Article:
I think it is important for us to experience the quiet, holy moments, but as Christians we must be right there in the world dealing with all the problems and craziness which fill this world. I think that God chooses certain people to experience moments of great holiness like the Transfiguration, but not everyone experiences God in that manner. For some reason we do not know, Jesus chose Peter, James, and John to experience the Transfiguration with out the other disciples. It was not because they were better than the others; James and John tried to get ahead of the others and asked to sit on the right and left of Jesus in his kingdom, and Peter deserted and denied Jesus when Jesus needed him the most. God grants some people mystical experiences and while some people seek these experiences all their lives, they never see God as light or have a transcendent moment. Perhaps some people are more inclined towards mysticism, while others are more inclined to experience God in others. God is so large, God is so vast, that we can not even conceive of all the different ways God speaks and interacts with us, and no one way is superior to another. God interacts with us in the way most appropriate to us. Jesus was transfigured in the presence of Peter, James, and John, but Jesus came to save everyone, and he appeared to all the disciples after his resurrection. We need to stay open to every experience God has for us and we need to be open to the movement of the Holy Spirit so that God can work through us. Transcendent experiences are good, but so is experiencing Jesus in those all around us. What is most important is that we love the Lord our God with all our heart and soul and mind and strength, and that we love our neighbors as ourselves.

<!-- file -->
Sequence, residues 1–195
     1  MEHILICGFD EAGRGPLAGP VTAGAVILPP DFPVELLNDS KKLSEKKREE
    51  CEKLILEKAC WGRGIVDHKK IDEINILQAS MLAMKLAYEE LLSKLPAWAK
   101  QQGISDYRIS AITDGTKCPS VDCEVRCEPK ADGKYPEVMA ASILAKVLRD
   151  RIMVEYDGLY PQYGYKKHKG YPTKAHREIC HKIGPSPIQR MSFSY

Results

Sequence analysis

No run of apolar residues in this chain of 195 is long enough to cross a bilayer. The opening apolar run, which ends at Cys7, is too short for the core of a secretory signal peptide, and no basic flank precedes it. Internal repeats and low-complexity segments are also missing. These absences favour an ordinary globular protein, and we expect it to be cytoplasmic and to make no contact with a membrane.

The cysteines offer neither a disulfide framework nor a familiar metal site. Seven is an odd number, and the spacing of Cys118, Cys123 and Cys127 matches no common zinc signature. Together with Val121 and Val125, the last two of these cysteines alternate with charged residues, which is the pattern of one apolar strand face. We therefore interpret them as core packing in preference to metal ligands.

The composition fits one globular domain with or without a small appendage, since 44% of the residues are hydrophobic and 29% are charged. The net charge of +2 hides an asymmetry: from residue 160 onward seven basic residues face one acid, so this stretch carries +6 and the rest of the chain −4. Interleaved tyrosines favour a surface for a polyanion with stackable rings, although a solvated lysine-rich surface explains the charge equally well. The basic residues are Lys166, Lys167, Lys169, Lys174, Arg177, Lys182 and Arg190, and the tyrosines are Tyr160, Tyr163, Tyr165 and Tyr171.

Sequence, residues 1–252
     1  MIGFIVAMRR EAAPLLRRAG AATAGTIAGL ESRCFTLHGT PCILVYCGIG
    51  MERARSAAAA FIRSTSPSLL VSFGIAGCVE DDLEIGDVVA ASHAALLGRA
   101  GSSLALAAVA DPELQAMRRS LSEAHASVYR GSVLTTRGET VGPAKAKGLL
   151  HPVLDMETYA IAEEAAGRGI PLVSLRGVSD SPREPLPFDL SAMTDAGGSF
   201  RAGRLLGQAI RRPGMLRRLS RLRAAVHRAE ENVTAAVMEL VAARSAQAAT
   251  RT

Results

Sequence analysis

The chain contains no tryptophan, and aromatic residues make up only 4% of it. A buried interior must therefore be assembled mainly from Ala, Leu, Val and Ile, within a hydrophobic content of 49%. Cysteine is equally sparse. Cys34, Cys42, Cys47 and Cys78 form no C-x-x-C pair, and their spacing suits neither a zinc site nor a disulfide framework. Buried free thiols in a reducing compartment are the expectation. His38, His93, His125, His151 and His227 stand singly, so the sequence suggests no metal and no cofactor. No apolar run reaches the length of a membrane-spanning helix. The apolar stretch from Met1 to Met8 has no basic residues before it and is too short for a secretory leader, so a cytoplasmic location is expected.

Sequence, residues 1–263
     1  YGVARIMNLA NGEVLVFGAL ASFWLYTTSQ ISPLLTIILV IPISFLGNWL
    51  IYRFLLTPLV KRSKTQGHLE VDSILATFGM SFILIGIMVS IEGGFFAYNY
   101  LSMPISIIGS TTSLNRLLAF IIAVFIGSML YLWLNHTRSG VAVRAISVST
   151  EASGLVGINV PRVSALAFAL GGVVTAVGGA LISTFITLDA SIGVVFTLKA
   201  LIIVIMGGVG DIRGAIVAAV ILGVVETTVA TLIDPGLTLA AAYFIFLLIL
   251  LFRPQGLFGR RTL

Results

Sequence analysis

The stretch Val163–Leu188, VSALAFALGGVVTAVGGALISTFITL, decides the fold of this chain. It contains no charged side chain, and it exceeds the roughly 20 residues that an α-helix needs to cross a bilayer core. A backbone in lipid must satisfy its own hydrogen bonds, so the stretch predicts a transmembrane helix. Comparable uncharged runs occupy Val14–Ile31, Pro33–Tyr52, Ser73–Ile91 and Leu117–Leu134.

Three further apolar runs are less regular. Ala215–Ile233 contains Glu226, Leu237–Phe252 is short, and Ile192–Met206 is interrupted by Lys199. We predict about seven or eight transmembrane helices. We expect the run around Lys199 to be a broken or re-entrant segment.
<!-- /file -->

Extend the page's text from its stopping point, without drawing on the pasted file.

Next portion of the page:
O God, who on the holy mount revealed to chosen witnesses your well-beloved Son, wonderfully transfigured, in raiment white and glistening: Mercifully grant that we, being delivered from the disquietude of this world, may by faith behold the King in his beauty; who with you, O Father, and you, O Holy Spirit, lives and reigns, one God, for ever and ever. Amen.

6 comments:

Doorman-Priest said...

"I think it is important for us to experience the quiet, holy moments, but as Christians we must be right there in the world dealing with all the problems and craziness which fill this world."

Amen to that.

Excellent post.

FranIAm said...

Oh Mickey, so wise, so wise.

Leonardo Ricardo said...

We need to stay open to every experience God has for us and we need to be open to the movement of the Holy Spirit so that God can work through us.

Okeydokey, I will.

Jane R said...

I love the statement that we all experience God in different ways. (Which is also a way of saying the our different ways of praying and being don't have a hierarchy -- i.e. the quiet meditative types vs. the noisy Jesus-in-the-crowd types.) And the correlary, your statement that God is greater, deeper, more varied than whatever we mortals can understand. So you bring to us an insight on the power of the Holy Spirit on this feast when we tend to think just of Jesus.

Way to go, Trinitarian Padre!

Jane R said...

P.S. I've linked to your post on my blog. I especially love the first and four icons. Beautiful.

James said...

What and excellent post, Padre. And I love the icons. I tried to find an Icon to use in my post but didn't find anything acceptable.

Thanks for your great reflection!.

I See You!